HL Deb 27 October 1982 vol 435 cc515-6

28 Clause 36, page 25, line 39, after 'be' insert 'liable to be'.

29 Clause 36, page 26, leave out lines 19 and 20 and insert— '(1B) A tribunal may under subsection (1) of this section direct the discharge of a patient on a future date specified in the direction; and where a tribunal do not direct the discharge of a patient under that subsection the tribunal may—

  1. (a) with a view to facilitating his discharge on a future date, recommend that he be granted leave of absence or transferred to another hospital or into guardianship; and
  2. (b) further consider his case in the event of any such recommendation not being complied with.".'.

30 Clause 36, page 26, line 30, at end insert— '(5A) Any functions conferred on the chairman of a Mental Health Review Tribunal by rules under section 124 of the principal Act may, if for any reason he is unable to act, be exercised by another member of that Tribunal appointed by him for the purpose.'.

31 Clause 37, page 27, line 13, leave out 'as to the condition of a patient'.

32 Clause 37, page 27, line 18, after first 'the', insert 'detention or'.

33 Clause 37, page 27, line 28, leave out subsection (6) and insert— '(6) References in this section to a hospital shall be construed as references to a hospital within the meaning of Part IV of the principal Act.'.

Lord Trefgarne

My Lords, these six amendments—that is to say, Nos. 28 to 33—made to Part V of the Bill in another place, are for the most part technical, and I will not delay your Lordships by expounding them in detail. I believe, however, that your Lordships will be particularly pleased to see Amendment No. 29, which extends the range of options open to a mental health review tribunal when considering a case. This was a matter raised by your Lordships both in Committee and on Report. Your Lordships may recall that we had intended to provide for this extension by means of the tribunal rules made by my noble and learned friend the Lord Chancellor, but so as to make our intentions absolutely clear to both Houses we have agreed instead to provide for this extension on the face of the Bill itself. I hope your Lordships likewise will be persuaded of the merits of this proposal.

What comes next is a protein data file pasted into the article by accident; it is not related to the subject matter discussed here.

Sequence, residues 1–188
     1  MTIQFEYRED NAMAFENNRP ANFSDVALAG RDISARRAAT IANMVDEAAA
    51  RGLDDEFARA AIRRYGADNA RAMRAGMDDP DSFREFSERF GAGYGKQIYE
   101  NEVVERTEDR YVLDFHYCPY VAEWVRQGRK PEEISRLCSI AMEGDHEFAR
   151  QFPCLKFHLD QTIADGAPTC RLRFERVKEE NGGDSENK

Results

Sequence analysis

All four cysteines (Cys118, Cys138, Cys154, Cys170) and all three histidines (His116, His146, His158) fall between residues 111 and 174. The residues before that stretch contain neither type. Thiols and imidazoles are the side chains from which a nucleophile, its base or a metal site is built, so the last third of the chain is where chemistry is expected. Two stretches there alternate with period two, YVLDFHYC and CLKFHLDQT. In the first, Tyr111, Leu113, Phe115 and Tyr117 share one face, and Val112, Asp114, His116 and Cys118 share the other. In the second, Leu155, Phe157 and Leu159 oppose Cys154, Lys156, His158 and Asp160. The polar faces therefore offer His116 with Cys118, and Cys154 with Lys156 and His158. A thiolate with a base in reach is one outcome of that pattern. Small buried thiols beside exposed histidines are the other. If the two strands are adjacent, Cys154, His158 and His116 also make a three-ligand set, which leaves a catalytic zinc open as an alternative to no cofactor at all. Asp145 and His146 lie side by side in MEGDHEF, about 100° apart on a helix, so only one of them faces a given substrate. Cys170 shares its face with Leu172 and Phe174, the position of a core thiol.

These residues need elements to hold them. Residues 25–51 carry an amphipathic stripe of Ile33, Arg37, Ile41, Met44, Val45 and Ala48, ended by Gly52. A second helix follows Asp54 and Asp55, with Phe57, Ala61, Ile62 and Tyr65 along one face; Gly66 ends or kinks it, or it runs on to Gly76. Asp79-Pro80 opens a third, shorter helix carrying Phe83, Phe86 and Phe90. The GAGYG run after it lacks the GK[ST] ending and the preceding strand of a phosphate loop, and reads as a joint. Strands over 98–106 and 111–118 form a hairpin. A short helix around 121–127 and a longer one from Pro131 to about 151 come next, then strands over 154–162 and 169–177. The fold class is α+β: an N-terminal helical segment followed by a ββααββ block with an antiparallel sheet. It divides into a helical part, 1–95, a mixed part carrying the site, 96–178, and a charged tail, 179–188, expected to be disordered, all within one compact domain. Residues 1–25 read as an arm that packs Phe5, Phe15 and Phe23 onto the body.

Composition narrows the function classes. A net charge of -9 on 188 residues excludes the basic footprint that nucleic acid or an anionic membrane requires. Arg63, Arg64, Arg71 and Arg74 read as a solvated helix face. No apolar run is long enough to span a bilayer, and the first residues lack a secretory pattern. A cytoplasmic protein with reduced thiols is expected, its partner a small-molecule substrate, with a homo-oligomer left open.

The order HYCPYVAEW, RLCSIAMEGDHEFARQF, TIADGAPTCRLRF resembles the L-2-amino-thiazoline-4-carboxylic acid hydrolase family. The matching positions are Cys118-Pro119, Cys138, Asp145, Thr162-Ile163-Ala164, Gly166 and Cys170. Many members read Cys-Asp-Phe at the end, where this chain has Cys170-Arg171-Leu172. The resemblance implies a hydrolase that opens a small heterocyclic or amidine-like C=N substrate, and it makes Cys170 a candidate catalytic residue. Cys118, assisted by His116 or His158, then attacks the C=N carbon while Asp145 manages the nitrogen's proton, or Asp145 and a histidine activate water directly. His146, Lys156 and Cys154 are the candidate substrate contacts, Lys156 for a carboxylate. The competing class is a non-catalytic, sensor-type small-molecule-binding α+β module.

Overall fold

I beg to move that this House doth agree with the Commons in their Amendments Nos. 28 to 33.

Moved, That this House doth agree with the Commons in the said amendments.—(Lord Trefgarne.)

Lord Wallace of Coslany

My Lords, I would welcome these amendments, because they go a long way to ease the minds of a lot of people on this issue. There is one point I want to raise, and this is the only place I can raise it. The Government in their very generous allocation of notes on possible amendments referred to legal aid. I pressed this very strongly when the Bill was going through its various stages in the House. The Government say that the noble and learned Lord the Lord Chancellor has announced his intention of making regulations under the Legal Aid Act 1974 to provide legal assistance by way of representation of patients. That is excellent news, of course. The only question I have is: when is this likely to take place? Will it more or less coincide with the coming into force of the Act? This is quite an important point of principle. That is the only question I have; otherwise I welcome the amendments.

Lord Renton

My Lords, as I was one of those who pressed rather hard for legal aid in these cases, I, too, would like to acknowledge what the Lord Chancellor has done. I think the question put by the noble Lord, Lord Wallace, is one in respect of which we are entitled to an answer.

Lord Kilmarnock

My Lords, may I also add my support to the question put by the noble Lord, Lord Wallace, as we, too, have been strongly in favour of legal aid for representation of patients before mental health review tribunals. I was very glad to learn from the Standing Committee proceedings of 22nd April in another place of the noble and learned Lord's proposal to bring forward regulations under Section 2A(3) of the Legal Aid Act 1974 as soon as possible. In evidence on that day the representative of the Lord Chancellor's office said that the Lord Chancellor hoped to bring forward regulations in the late summer or early autumn when the necessary consultations are complete.

As this is particularly important in view of the clauses now in this Bill providing increased access to tribunals—the tribunals will have a great many more applications—could I press the Government to tell us how far these consultations have got and whether the new machinery will be in position by the time the Act comes into force?

Lord Trefgarne

My Lords, I believe I can satisfy your Lordships on this point. The advice I have is that regulations are being prepared and will come into force within the next few months. I deduce from that, although I do not have it in black and white, that the consultations are complete, and that it is now simply a matter of completing the necessary administrative arrangements. I would certainly hope that the regulations will be in force by the time the Act comes into force.

On Question, Motion agreed to.